When was the last time you killed someone? Today? Yesterday? We’ve had snow of such apocalyptic proportions, cutting off communities, blocking food supplies, stirring such rage that surely has forced us into some difficult decisions. Like, where do you get guns from. And who to kill first. After all, we can’t all survive. Tesco’s ain’t full enough for all of us.
You haven’t resorted to this? Why not? I guess I’m relieved. But still. How have you managed to repress the self-protecting pack-hunter hiding in all of us, the predator, who lives in a dog-eat-dog, survival of the fittest – or at least, the one with the biggest gun – world?
Maybe I’ve watched too much TV. Last year’s Survivors, which begins a new series tonight; Day of the Triffids; 28 Day Later, and so many others, all tell the story of a major catastrophe that leaves humans struggling to survive, mostly because without warm living rooms, mobile phones and an open petrol station we all go native, turn feral and kill each other. Why? Because at their root, humans are selfish.
It used to be preachers who had the monopoly on this story. Humans are evil! Humans are depraved! Humans are full of sin! You will be judged! Now, we don’t need to say anything. Survivors: humans are bad. TV news: humans are bad. Avatar: humans are bad. EastEnders: humans are bad. It really is everywhere. I don’t know many humans who need to be told they are crap. Most of us are fully aware that we feel like that already.Who needs Augustine’s doctrine of original sin when you’ve got the Daily Mail.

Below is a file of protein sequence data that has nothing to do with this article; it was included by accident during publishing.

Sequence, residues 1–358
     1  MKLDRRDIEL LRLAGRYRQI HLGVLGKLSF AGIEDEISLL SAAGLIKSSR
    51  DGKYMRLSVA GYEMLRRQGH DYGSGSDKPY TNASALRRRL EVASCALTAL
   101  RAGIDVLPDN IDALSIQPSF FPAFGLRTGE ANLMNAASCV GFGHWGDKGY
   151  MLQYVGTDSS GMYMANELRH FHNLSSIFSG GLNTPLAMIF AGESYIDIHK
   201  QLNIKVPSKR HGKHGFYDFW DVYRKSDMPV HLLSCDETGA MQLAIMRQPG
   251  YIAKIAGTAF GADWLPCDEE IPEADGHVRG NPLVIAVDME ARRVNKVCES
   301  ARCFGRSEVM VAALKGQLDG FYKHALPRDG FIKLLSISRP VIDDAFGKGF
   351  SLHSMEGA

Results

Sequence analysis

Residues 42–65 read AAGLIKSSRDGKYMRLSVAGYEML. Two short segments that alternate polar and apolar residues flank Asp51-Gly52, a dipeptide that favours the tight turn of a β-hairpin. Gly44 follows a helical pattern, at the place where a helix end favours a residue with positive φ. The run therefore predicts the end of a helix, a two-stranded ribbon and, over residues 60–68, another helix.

If it was Christian preachers who set us on this path, maybe it needs to be Christians preachers who re-set the balance, who address the balance of a world out of kilter with its creator. Maybe we need to apologise for getting something so horribly wrong. Because if we begin at the beginning, to use Rob Bell’s phrase, we discover that humans are not inherently bad and evil; humans were not created depraved and in need of redemption. God saw what he had made, and it was good. It was good. Not perfect, as in a finished product out of a machine; but good, like fresh apples on a tree. This is Genesis 1 and 2. Things were good. So, the original state of humans: good. The default setting: good.
Yes, things changed in a way that Genesis 3 and the rest of the redemption story tries to explain. And then, at the end in Revelation 21-22, things are fully restored. Good. Good! So perhaps there is a different story of human life that we can tell. Stories that are not all about how humans make things go horribly wrong, but how humans are created to make things go right; that by nature we do not all revert to type and kill to survive, but that our nature is to over-rule the survival-of-the-fittest instinct and look out for those weaker than ourselves. That has happened countless times in the snow over the last few weeks. People putting themselves out in order to help others; people meeting their neighbours for the first time on order to help them with their shopping or get the car out of the drive.
Stories of hope, stories of human goodness. I know it is not always easy. When in an almost empty-shelved (compared with normal!) Tesco’s on Saturday I was tempted to take more milk than I needed in case it we couldn’t get any more; but that would mean there was none left for anyone else. So I only took one. Big deal! But it’s little things that give us hope.
I know that without Jesus I would be more selfish, more opinionated, more impatient. So maybe Survivors is right. maybe I would kill to survive. Maybe we all would. Maybe the new secular gospel preachers of sin, hell-fire and death have got a point. Maybe all I have said is wrong.
I hope not. Certainly not throwing Jesus into the snowy mix as well. Its times like this he’s especially relevant, especially challenging. In the midst of the bleak midwinter, in the midst of the thawing apocalypse snow. Anyone want to watch The Day After Tomorrow?